The “S*** ____ Say” (from here on out, “stuff”) videos currently circulating the Internet have been wonderfully entertaining. Despite how funny they can be, the videos bring to mind the more serious issue of stereotypes.

The videos adopt a social group’s lexicon, exaggerating the stereotypes in a way that is often very funny. But most of us can’t help watching and realizing that we can identify, at least a little bit.

I could very well see the next wave of “Stuff ____ Say” videos turning into college stereotypes: “Stuff MIT Students Say,” “Stuff BYU Students Say” or “Stuff UC Santa Barbara Students Say.” And we’ve got to admit — a “Stuff Georgetown Students Say” video would be hilarious.

Why? Because Georgetown is very easily stereotyped.

This is partly because our student body can be profiled as a collection of senator’s sons and ambassador’s daughters. Are polo shirts everywhere? Yes. Are girls a blend of Topanga from “Boy Meets World,” Regina from “Mean Girls” and Disney’s Minnie Mouse? Yes.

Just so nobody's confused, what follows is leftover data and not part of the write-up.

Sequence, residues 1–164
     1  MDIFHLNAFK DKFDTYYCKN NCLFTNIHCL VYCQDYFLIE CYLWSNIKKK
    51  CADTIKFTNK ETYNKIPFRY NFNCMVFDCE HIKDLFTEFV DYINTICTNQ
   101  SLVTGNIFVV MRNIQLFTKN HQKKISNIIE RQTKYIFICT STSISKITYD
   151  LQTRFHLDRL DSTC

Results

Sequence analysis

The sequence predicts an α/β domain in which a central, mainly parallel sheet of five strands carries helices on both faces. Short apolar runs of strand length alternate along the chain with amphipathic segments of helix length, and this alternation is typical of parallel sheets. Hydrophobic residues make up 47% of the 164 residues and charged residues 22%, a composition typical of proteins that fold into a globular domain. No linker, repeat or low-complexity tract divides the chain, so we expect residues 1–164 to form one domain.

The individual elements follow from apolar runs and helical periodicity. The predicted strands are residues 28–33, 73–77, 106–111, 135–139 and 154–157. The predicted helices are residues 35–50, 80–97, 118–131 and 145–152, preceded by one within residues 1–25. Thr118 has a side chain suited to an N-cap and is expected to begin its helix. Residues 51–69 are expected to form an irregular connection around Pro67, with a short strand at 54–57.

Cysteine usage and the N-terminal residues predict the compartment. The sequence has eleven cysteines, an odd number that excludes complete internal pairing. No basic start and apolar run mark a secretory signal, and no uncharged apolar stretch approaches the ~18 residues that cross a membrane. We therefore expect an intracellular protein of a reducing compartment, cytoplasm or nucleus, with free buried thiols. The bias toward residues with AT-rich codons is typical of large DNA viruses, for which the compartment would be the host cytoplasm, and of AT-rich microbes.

Are we the one percent? Maybe that’s going too far.

Usually the “Stuff ____ Say” videos find the most success among members of the stereotype they target — girls relate to and understand the ones about girls, Asians can’t get enough of the Asian dad video and yoga fanatics just adore the Lululemon’s Yogis clip.

But our video would probably have the most success beyond the front gates, except perhaps for Harvard’s or Yale’s. Partly, this is because people equate Georgetown with privilege, and the fact that students get equal treatment and still work for their grades is eclipsed by this stereotype.

When an overarching idea penetrates people’s perceptions, it causes them to disregard reality. The experience of trudging through Red Square to class or being yelled at by Lauinger Library security guards for bringing a King’s Chai into the third floor reading room are phenomena even a senator’s son experiences here.

A “Stuff Georgetown Students Say” video would become so popular and hilarious because it wouldn’t necessarily be true. Rather, it would display stereotypes that largely prove to be untrue.

Yes, many scoff at the wealthy kid who complains or brags about being at a top-tier university. But behind the image resides an engaged college student. Despite the number of diverse alums whose lives prove this conclusion, I think the stereotype will remain.

Most of the videos do capture moments of truth and manage to have some good fun while doing it. The best of the videos capture both truth and stereotypes. However, many other videos advance stereotypes that have little basis in reality. We shouldn’t accept those stereotypes at face value.

Masha Goncharova is a sophomore in the College.

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